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Crabs are amazing creatures, and they have a broader appeal than their more sinister-looking arachnid cousins. This colorful creature by Aaron Van Cleave makes great use of some contraction (constructible action) figure parts from the short-lived Ben 10 theme, including this leg section and a leg cover with scales used in the big claw. An assortment of round white elements make for perfect barnacles, and the unicorn horns provide a spiny defense mechanism.
Growing up doesn’t necessarily have to mean giving up what you’ve grown to enjoy over the years. Vir-a-cocha captures the essence of this sentiment with a picturesque LEGO beach scene. While the figure’s white hair suggests he’s older, he looks to be living the best years of his life. The old man’s muscular physique indicates he’s in good health and ready to take to the waves, and he has pulled up to the beach in a classic yellow and black 1970s Dodge Challenger. Each build is well-executed, and I especially enjoy the the man’s flowery Hawaiian shirt. Of course, the image wouldn’t be complete without the colorful background and real sand!
Throughout America, a trip to the beach can often go hand-in-hand with a classic car show. People love the warm summer sun, the smell of the surf, and feeling the breeze blowing through their hair as they drive down coastal roadways. Taking this as inspiration, Norton74 has created a beautiful beach setting for two equally gorgeous hot rods. Early Fords are popular with hot rod enthusiasts, which is probably why Norton74 went with modified versions of a 1930s Ford V8 (left) and 1920s Model T (right). Thanks to the combination of curves and exposed engine details, the cars look both sophisticated and mean. They’re like the classic bad boy with the soft heart. A sign warns surfers to watch out for sharks, but I would probably be more worried about that sand washing up on the tile-built boardwalk. Scratch attack!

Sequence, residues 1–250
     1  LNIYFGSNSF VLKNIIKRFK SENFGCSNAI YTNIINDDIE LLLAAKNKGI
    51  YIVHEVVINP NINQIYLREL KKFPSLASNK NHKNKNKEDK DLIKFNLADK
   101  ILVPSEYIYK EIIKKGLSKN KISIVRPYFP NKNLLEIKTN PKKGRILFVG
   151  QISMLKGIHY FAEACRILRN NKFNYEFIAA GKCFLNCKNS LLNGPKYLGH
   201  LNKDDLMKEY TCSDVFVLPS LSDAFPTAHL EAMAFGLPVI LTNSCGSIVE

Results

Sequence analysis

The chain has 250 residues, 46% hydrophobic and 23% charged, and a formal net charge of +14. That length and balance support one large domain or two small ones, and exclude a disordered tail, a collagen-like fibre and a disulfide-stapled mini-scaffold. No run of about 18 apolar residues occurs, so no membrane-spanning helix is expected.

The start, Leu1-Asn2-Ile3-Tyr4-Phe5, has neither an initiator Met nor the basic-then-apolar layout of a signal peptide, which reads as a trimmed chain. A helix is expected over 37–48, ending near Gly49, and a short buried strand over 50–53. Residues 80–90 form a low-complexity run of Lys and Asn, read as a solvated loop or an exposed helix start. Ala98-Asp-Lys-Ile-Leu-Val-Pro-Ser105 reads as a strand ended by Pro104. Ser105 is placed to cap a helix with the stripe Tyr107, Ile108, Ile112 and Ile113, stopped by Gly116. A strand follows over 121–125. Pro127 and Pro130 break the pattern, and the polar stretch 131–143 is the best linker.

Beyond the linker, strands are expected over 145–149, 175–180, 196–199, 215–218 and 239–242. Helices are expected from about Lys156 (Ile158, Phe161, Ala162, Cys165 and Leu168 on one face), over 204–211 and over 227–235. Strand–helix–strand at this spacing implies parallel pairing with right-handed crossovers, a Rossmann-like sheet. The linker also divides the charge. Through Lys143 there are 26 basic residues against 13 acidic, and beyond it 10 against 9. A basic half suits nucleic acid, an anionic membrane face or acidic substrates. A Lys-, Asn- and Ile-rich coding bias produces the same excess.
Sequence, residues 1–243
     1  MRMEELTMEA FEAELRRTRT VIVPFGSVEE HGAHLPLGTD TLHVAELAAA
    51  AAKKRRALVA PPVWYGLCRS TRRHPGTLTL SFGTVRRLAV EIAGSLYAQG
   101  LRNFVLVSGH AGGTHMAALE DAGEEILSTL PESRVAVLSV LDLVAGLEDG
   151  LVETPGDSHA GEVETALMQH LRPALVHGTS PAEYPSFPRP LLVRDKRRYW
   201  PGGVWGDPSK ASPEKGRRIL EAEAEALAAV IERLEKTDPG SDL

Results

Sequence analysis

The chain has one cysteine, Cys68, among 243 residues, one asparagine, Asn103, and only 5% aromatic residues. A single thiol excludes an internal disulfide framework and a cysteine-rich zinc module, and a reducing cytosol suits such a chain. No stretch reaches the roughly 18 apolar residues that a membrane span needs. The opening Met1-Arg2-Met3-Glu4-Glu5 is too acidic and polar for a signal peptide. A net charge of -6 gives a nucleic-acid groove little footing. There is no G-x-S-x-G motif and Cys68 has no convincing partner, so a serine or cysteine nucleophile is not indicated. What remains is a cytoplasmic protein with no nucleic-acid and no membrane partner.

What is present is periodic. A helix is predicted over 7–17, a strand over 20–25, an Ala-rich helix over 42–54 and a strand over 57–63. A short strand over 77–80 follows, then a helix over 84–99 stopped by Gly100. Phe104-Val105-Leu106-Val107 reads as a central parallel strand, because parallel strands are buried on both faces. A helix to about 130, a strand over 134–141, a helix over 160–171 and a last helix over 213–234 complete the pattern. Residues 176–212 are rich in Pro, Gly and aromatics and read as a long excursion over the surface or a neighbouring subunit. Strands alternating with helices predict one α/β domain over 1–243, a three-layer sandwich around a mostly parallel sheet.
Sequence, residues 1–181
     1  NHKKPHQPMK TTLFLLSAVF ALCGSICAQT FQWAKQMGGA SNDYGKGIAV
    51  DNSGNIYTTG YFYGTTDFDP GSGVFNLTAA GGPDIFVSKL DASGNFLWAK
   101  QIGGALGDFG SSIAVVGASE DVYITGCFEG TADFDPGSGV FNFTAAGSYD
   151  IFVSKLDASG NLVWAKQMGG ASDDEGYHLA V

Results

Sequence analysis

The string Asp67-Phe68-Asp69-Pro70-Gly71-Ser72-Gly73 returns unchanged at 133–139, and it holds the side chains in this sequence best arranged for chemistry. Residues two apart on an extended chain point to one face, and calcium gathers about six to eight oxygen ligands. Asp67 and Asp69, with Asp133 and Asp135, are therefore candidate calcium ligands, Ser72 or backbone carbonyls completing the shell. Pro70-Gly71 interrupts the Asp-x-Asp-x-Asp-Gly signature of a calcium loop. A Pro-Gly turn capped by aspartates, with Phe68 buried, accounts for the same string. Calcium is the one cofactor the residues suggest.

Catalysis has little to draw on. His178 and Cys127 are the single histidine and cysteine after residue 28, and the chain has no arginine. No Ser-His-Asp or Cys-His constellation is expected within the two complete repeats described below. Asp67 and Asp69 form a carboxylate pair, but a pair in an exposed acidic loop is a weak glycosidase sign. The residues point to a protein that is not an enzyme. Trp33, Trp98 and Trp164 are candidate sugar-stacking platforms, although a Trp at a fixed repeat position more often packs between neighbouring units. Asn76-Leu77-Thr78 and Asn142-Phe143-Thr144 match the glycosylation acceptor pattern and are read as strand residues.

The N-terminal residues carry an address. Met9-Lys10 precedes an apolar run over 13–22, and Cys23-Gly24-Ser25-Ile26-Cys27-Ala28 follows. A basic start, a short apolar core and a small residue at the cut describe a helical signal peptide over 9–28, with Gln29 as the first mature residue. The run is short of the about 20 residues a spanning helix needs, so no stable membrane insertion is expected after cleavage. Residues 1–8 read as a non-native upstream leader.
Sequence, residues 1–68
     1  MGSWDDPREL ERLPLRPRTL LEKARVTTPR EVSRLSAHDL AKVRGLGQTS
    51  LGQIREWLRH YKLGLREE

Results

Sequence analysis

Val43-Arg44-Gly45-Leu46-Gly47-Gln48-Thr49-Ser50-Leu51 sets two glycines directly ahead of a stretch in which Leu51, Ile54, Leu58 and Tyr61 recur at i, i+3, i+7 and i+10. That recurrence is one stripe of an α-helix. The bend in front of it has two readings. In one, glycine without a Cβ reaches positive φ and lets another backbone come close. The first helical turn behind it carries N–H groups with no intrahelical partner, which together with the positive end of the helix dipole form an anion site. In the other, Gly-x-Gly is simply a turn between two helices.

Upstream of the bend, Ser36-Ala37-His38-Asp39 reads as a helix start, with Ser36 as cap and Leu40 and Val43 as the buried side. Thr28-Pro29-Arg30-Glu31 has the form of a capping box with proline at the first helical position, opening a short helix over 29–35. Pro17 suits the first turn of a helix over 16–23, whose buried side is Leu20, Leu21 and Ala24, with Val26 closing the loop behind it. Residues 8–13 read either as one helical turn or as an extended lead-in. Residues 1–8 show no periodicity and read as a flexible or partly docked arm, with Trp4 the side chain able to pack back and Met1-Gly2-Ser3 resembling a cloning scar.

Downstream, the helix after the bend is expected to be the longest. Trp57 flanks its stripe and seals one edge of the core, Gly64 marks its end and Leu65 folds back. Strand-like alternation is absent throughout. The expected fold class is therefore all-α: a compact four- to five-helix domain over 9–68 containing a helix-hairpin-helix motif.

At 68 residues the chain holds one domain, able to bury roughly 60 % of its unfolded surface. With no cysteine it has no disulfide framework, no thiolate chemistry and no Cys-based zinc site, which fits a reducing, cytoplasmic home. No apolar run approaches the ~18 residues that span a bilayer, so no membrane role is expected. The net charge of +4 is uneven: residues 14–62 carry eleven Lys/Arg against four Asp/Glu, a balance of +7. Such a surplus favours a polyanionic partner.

If you go to the beach this summer, you had better watch your step. If you don’t, you might just trigger a painful pinch from PaulvilleMOCS’ little hermit crab! If you’re wondering why the shell looks so real it’s because it is. While it may not be a brick-built solution, it works quite well and makes the LEGO hermit crab look delightfully authentic. In addition to this, the sandy scenery makes this little crustacean all the more believable.
Built for the #Summer Memories Contest on the Brickly app, this scene titled “Summer Beach” by Mark E. is a beautiful representation of an idyllic visit to the beach. I love the visual of the waves breaking and foaming on the beach, with the dark greens highlighting the ocean. Illustrating fond memories of building sand castles with friends and siblings, the only thing more certain than a fun afternoon in the sand was the incoming tide sure to level all your hard work.
If you have a spare five minutes I would thoroughly recommend watching the mesmerizing time-lapse of Mark’s build on YouTube.